Title | Scalable and efficient algorithms for the propagation of uncertainty from data through inference to prediction for large-scale problems, with application to flow of the Antarctic ice sheet |

Publication Type | Journal Article |

Year of Publication | 2015 |

Abstract / Summary | The majority of research on efficient and scalable algorithms in computational science and engineering has focused on the forward problem: given parameter inputs, solve the governing equations to determine output quantities of interest. In contrast, here we consider the broader question: given a (large-scale) model containing uncertain parameters, (possibly) noisy observational data, and a prediction quantity of interest, how do we construct efficient and scalable algorithms to (1) infer the model parameters from the data (the deterministic inverse problem), (2) quantify the uncertainty in the inferred parameters (the Bayesian inference problem), and (3) propagate the resulting uncertain parameters through the model to issue predictions with quantified uncertainties (the forward uncertainty propagation problem)? We present efficient and scalable algorithms for this end-to-end, data-to-prediction process under the Gaussian approximation and in the context of modeling the flow of the Antarctic ice sheet and its effect on loss of grounded ice to the ocean. The ice is modeled as a viscous, incompressible, creeping, shear-thinning fluid. The observational data come from satellite measurements of surface ice flow velocity, and the uncertain parameter field to be inferred is the basal sliding parameter, represented by a heterogeneous coefficient in a Robin boundary condition at the base of the ice sheet. The prediction quantity of interest is the present-day ice mass flux from the Antarctic continent to the ocean. We show that the work required for executing this data-to-prediction process—measured in number of forward (and adjoint) ice sheet model solves—is independent of the state dimension, parameter dimension, data dimension, and the number of processor cores. The key to achieving this dimension independence is to exploit the fact that, despite their large size, the observational data typically provide only sparse information on model parameters. This property can be exploited to construct a low rank approximation of the linearized parameter-to-observable map via randomized SVD methods and adjoint-based actions of Hessians of the data misfit functional. |

DOI | 10.1016/j.jcp.2015.04.047 |

# Scalable and efficient algorithms for the propagation of uncertainty from data through inference to prediction for large-scale problems, with application to flow of the Antarctic ice sheet

The majority of research on efficient and scalable algorithms in computational science and engineering has focused on the forward problem: given parameter inputs, solve the governing equations to determine output quantities of interest. In contrast, here we consider the broader question: given a (large-scale) model containing uncertain parameters, (possibly) noisy observational data, and a prediction quantity of interest, how do we construct efficient and scalable algorithms to (1) infer the model parameters from the data (the deterministic inverse problem), (2) quantify the uncertainty in the inferred parameters (the Bayesian inference problem), and (3) propagate the resulting uncertain parameters through the model to issue predictions with quantified uncertainties (the forward uncertainty propagation problem)?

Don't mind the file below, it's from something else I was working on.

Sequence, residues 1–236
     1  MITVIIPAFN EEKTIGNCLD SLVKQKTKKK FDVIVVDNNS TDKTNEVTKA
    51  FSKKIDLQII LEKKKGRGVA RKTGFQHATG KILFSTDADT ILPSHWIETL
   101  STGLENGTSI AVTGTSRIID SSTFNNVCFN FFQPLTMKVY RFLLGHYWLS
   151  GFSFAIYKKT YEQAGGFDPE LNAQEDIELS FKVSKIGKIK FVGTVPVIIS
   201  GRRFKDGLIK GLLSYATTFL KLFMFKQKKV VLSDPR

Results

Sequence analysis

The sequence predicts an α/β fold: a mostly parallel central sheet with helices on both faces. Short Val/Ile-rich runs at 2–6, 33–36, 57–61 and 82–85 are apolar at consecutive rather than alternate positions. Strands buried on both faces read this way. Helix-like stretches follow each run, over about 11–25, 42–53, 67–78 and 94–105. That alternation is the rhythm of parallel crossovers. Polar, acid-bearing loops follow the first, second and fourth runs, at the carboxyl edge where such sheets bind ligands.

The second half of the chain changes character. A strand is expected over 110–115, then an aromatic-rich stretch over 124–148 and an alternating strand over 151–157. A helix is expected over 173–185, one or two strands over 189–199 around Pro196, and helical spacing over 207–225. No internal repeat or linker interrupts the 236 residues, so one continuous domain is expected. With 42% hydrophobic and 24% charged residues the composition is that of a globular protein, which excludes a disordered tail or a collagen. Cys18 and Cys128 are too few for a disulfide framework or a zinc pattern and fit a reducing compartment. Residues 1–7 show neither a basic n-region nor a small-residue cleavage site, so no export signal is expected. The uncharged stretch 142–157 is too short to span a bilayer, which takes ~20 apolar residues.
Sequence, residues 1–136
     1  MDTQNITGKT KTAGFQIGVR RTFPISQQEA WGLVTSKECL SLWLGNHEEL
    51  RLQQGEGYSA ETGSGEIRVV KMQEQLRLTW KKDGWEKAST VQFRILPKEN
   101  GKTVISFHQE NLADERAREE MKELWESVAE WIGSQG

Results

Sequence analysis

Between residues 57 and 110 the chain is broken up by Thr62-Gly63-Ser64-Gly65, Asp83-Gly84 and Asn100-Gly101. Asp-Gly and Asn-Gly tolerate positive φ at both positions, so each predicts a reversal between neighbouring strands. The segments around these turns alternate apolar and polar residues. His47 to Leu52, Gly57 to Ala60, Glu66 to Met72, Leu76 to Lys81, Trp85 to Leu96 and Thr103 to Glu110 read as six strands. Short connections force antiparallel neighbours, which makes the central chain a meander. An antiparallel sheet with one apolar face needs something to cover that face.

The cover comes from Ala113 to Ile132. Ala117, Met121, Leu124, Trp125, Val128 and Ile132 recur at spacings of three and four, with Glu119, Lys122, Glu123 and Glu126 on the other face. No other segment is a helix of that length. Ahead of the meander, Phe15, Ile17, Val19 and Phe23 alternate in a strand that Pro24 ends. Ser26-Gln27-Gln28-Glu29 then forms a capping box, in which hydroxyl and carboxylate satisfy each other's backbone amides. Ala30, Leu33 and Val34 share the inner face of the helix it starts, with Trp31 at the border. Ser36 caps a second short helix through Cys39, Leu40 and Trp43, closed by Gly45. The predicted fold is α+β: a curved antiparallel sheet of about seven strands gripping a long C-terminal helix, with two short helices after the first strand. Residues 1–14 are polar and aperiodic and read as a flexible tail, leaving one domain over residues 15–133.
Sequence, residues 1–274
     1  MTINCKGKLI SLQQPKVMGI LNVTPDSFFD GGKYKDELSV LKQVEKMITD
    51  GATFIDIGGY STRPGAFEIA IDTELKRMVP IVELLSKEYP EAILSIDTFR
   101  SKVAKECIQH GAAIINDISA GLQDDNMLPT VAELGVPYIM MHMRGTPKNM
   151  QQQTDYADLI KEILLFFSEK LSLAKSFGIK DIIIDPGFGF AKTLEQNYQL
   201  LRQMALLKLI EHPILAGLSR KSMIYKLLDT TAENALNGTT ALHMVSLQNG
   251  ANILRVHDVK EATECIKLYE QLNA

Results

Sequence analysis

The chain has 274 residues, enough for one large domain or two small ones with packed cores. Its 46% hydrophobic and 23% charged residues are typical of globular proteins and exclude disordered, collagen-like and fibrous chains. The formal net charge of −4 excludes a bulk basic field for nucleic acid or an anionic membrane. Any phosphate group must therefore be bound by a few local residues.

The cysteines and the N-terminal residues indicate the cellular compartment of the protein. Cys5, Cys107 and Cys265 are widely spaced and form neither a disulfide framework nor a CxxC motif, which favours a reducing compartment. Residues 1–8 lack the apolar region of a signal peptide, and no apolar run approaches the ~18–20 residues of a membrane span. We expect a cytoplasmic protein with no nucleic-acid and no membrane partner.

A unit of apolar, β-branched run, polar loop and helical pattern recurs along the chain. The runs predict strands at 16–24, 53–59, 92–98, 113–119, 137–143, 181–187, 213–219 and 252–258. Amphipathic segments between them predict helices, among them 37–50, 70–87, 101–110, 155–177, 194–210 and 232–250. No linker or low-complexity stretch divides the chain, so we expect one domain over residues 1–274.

We present efficient and scalable algorithms for this end-to-end, data-to-prediction process under the Gaussian approximation and in the context of modeling the flow of the Antarctic ice sheet and its effect on loss of grounded ice to the ocean. The ice is modeled as a viscous, incompressible, creeping, shear-thinning fluid. The observational data come from satellite measurements of surface ice flow velocity, and the uncertain parameter field to be inferred is the basal sliding parameter, represented by a heterogeneous coefficient in a Robin boundary condition at the base of the ice sheet. The prediction quantity of interest is the present-day ice mass flux from the Antarctic continent to the ocean.

We show that the work required for executing this data-to-prediction process—measured in number of forward (and adjoint) ice sheet model solves—is independent of the state dimension, parameter dimension, data dimension, and the number of processor cores. The key to achieving this dimension independence is to exploit the fact that, despite their large size, the observational data typically provide only sparse information on model parameters. This property can be exploited to construct a low rank approximation of the linearized parameter-to-observable map via randomized SVD methods and adjoint-based actions of Hessians of the data misfit functional.